When Should You Modify Your Parenting Plan?
The Purpose of Parenting Plan Modifications
When parents develop their parenting plan, the goal is to create a plan that will not only stand the test of time but which is comprehensive enough to anticipate most of the child's needs. Consequently, your parenting plan will include a number of provisions from visitation schedules to how disputes will be resolved.
When creating your parenting plan, you should include:
- Day-to-day visitation schedule
- Vacation schedules
- Holiday sharing plans
- Plans for special dates, such as birthdays
- Rules for taking children out of town on vacation
- Emergency protocols
- How expenses that fall outside of child support will be handled
- How coparents will communicate with each other
You should also include information on how important decisions will be made, such as those involving the child's health care needs, religious upbringing, educational plans, how children will be disciplined, and even plans for how you and your coparent will share college expenses when the time comes.
Despite meticulous planning on the part of the parents and the guidance they receive from their attorneys and the courts, sometimes things come up that you could not have anticipated or planned for. Additionally, circumstances change as time goes on, and children under 10 have vastly different needs than teenagers. Furthermore, you or your coparent may remarry, have additional children, get a new job, or need to relocate. All of these things can necessitate a parenting plan modification.
A parenting plan modification aims to help coparents adapt to a significant change in their family's circumstances and ensure their child's needs are met and their best interests protected.
Circumstances When a Modification May Be Necessary
So, what types of circumstances warrant a change in a parenting plan? Generally speaking, a modification will only be granted in situations where the change in circumstances is both significant and lasting. This means that a temporary problem or something that doesn't truly affect a parent's ability to adhere to the existing plan will not be good grounds for a modification.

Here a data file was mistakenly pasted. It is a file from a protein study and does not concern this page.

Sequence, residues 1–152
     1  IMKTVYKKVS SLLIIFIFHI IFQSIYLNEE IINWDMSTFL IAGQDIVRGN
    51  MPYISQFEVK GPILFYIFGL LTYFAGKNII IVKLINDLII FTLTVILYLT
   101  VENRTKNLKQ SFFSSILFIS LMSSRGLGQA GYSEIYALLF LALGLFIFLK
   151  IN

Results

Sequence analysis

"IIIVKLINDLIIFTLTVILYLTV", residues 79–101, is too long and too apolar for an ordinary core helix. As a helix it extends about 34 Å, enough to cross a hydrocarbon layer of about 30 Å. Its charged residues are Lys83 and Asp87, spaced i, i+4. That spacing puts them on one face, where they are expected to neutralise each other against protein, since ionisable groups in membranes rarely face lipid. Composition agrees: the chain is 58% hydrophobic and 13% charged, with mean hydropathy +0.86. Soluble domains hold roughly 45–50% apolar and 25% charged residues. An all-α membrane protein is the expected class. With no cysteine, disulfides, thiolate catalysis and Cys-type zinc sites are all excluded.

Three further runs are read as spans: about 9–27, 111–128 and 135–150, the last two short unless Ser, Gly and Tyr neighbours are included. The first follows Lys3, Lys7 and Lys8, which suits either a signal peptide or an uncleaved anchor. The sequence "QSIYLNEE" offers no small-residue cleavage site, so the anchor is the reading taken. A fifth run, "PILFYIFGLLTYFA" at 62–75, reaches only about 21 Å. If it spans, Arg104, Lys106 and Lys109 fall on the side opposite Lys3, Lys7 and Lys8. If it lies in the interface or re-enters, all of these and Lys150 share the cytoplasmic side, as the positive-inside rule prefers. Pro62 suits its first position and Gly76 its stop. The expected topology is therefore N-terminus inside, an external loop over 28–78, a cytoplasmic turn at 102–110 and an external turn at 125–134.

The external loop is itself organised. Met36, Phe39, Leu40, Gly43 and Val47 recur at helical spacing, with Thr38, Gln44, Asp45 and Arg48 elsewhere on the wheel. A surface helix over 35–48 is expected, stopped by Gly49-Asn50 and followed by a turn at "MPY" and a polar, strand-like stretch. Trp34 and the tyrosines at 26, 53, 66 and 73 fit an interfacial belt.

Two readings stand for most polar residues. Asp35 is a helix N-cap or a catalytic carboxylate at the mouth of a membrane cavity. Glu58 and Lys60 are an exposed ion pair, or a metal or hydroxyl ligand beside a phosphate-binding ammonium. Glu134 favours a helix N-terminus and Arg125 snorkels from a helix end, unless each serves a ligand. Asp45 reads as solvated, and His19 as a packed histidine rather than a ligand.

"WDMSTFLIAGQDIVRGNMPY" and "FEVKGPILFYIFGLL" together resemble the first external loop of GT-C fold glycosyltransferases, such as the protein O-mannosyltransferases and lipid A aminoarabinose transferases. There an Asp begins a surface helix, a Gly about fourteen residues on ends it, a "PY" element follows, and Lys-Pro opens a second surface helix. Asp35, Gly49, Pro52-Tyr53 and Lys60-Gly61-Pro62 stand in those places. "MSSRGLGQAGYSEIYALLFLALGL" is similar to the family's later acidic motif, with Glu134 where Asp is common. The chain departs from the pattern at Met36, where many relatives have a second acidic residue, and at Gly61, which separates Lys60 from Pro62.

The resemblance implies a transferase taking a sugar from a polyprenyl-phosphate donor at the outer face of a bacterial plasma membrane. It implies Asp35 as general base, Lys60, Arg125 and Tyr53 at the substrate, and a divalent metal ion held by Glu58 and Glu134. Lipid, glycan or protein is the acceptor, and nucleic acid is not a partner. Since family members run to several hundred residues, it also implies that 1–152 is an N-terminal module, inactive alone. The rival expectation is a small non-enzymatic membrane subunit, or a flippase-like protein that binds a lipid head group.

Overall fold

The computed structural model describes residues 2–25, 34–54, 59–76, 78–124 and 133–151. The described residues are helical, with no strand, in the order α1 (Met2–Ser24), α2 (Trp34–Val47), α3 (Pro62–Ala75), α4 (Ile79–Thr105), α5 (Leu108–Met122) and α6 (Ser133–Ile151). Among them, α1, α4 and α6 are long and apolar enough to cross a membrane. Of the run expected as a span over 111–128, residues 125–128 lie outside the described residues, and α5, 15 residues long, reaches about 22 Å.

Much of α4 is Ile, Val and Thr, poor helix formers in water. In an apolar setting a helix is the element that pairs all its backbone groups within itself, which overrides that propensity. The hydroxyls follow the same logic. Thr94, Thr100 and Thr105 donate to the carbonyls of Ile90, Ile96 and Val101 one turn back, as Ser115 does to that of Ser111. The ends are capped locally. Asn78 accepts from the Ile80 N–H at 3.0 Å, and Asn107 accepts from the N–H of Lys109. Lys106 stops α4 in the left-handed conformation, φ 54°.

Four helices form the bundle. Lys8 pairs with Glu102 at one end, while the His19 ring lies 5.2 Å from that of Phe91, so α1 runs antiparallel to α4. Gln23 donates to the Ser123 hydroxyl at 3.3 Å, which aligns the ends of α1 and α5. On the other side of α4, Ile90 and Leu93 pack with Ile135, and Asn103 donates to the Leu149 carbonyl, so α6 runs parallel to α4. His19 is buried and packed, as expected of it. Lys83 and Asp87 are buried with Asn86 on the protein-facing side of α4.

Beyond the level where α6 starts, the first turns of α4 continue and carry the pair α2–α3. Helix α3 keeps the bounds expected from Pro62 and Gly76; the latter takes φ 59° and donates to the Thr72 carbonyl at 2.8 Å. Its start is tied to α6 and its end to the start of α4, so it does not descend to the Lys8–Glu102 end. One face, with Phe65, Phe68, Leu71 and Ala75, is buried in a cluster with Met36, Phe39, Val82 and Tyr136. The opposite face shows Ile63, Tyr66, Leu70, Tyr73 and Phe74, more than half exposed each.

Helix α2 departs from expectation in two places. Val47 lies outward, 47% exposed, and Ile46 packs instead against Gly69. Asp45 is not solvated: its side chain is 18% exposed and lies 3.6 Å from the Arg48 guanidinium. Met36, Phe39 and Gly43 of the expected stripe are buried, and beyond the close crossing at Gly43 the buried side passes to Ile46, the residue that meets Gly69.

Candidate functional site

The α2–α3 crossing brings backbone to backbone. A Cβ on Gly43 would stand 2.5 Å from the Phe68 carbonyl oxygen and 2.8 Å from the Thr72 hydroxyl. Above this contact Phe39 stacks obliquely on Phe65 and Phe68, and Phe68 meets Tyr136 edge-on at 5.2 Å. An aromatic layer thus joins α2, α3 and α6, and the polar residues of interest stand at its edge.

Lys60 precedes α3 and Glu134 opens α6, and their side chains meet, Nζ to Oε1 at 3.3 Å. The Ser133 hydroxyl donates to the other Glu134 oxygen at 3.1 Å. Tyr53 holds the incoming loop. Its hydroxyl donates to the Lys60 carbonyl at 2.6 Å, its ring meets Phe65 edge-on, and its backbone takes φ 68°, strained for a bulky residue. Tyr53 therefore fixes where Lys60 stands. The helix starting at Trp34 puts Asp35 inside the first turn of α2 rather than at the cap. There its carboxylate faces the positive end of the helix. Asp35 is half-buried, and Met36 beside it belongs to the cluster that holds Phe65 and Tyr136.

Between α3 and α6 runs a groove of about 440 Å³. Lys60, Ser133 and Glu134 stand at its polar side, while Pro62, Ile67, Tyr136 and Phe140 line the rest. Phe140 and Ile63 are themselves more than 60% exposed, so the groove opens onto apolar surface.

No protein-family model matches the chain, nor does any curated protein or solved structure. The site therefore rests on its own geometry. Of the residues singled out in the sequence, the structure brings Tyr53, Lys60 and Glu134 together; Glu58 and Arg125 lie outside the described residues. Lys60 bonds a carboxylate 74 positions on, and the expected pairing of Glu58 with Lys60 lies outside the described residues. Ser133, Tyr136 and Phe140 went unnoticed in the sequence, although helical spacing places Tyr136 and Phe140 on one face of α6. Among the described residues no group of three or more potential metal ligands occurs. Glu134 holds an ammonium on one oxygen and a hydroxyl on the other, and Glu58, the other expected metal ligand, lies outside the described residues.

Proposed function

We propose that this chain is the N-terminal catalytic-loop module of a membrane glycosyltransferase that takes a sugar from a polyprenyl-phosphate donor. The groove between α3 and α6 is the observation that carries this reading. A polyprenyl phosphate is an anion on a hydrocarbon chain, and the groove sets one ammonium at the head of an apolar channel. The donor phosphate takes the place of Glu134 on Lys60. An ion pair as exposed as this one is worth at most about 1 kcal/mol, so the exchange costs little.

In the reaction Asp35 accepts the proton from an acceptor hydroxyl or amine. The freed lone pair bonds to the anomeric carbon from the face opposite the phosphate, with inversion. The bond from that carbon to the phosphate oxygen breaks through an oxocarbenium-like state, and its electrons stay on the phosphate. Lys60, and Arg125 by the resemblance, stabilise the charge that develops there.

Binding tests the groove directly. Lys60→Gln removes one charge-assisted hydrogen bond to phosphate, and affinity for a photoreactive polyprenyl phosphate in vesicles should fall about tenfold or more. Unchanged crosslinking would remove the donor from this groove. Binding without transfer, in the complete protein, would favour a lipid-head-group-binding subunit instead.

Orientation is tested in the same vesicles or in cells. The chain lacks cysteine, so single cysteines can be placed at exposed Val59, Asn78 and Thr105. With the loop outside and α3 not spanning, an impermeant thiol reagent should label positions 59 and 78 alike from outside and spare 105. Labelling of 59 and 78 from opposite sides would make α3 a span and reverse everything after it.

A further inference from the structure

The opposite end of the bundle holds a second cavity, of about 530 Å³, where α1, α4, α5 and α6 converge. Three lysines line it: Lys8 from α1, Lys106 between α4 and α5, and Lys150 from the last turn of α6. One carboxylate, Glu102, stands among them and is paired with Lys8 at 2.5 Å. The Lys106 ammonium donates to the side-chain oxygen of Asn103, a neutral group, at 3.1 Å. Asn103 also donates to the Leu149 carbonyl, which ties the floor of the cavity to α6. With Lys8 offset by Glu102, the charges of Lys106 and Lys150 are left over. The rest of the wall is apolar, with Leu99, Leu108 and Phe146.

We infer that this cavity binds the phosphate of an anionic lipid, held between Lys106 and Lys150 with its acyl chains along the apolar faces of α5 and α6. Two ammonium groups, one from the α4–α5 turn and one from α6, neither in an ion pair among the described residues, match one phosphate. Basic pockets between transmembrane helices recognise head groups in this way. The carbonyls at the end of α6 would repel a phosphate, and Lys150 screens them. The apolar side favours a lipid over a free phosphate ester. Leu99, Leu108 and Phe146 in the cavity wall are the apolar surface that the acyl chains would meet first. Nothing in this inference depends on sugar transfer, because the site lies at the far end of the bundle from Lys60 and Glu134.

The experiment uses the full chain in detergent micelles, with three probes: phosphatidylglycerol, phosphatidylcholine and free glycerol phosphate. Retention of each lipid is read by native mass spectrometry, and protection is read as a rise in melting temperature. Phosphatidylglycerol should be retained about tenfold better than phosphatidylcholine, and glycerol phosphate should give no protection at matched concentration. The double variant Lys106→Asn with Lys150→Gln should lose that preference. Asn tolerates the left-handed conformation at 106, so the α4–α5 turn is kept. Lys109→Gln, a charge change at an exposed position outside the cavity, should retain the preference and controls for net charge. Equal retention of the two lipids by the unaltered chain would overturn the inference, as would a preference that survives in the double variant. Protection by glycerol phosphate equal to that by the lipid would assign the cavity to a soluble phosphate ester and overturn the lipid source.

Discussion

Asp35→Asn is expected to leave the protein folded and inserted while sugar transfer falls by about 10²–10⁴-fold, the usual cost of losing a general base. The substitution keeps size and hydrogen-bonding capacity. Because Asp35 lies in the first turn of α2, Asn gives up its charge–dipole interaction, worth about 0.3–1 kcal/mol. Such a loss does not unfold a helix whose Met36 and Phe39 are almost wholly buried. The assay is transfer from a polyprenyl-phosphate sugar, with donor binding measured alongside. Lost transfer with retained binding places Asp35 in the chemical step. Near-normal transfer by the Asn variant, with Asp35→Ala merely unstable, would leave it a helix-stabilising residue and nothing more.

Reasons you may need to modify your parenting plan include:
- Your child's needs have substantively changed, such as their educational or health needs
- Your child's schedule has changed in a way that makes the current custody schedule inadequate
- A parent has lost their job or changed jobs
- A parent's health (mental or physical) has changed
- A parent or the child's living situation has changed
- A parent and/or the child has relocated out of the area
A modification may also be necessary if one parent struggles to follow the current parenting plan. In some cases, a parent's change of circumstances can cause them to have difficulty meeting certain aspects of their parenting plan, such as adhering to a specific visitation schedule. When appropriate, both parents can agree to adjust the parenting plan to accommodate the new parent's situation. In these cases, modifications often help coparents maintain a more positive relationship post divorce.
How to Modify Your Parenting Plan
If you believe a modification is necessary, you should reach out to an experienced family law attorney familiar with processing parenting plan modifications in Tennessee. To have your plan modified, you will need to petition the court. Even in cases where both parents agree to the modification in question, it still must be submitted to the court and approved by a judge.
When considering a modification, the courts may consider the following factors:
- The child's relationship with both parents
- The parents' ability to adhere to the existing parenting plan
- The parents' ability to provide for their child
- The mental and physical health of both parents
- The current needs of the child, physical and mental
- The child's school records
If your child is 12-years old or older, the courts may factor in the child's preference when looking at modification requests. Ultimately, the court's priority is protecting the child's best interests. If a modification request is not clearly in the child's benefit, they are unlikely to approve the modification.
For help developing your new parenting plan, review our blog, "Making the Ideal Parenting Plan During a Custody Dispute."